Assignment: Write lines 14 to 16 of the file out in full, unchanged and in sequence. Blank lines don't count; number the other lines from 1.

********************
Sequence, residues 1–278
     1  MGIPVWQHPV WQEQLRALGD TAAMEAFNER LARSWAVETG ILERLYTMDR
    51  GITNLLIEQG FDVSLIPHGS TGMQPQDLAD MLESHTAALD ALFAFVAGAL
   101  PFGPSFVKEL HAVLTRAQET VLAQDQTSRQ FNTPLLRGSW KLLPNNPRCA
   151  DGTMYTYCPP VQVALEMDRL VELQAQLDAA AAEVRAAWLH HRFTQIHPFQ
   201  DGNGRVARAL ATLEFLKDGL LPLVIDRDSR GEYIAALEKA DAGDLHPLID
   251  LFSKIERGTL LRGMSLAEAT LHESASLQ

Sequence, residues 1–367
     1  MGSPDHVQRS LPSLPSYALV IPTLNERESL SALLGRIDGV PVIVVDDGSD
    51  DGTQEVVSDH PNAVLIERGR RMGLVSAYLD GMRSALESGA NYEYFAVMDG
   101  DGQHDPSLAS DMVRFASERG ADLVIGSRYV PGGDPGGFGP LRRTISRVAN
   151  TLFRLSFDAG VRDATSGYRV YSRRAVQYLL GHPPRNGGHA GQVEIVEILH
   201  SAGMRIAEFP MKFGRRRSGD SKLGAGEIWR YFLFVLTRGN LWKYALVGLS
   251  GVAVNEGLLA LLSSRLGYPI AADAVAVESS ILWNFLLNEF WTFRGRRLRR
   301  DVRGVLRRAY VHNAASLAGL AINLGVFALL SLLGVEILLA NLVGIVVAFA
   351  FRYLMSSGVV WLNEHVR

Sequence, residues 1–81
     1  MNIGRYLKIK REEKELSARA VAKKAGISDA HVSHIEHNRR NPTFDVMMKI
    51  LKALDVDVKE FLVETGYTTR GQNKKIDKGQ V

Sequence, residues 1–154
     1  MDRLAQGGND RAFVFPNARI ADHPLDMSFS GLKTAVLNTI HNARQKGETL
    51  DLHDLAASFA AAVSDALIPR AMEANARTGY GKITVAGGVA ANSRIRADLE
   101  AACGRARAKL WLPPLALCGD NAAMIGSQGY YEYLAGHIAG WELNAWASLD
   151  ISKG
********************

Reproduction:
   251  GVAVNEGLLA LLSSRLGYPI AADAVAVESS ILWNFLLNEF WTFRGRRLRR
   301  DVRGVLRRAY VHNAASLAGL AINLGVFALL SLLGVEILLA NLVGIVVAFA
   351  FRYLMSSGVV WLNEHVR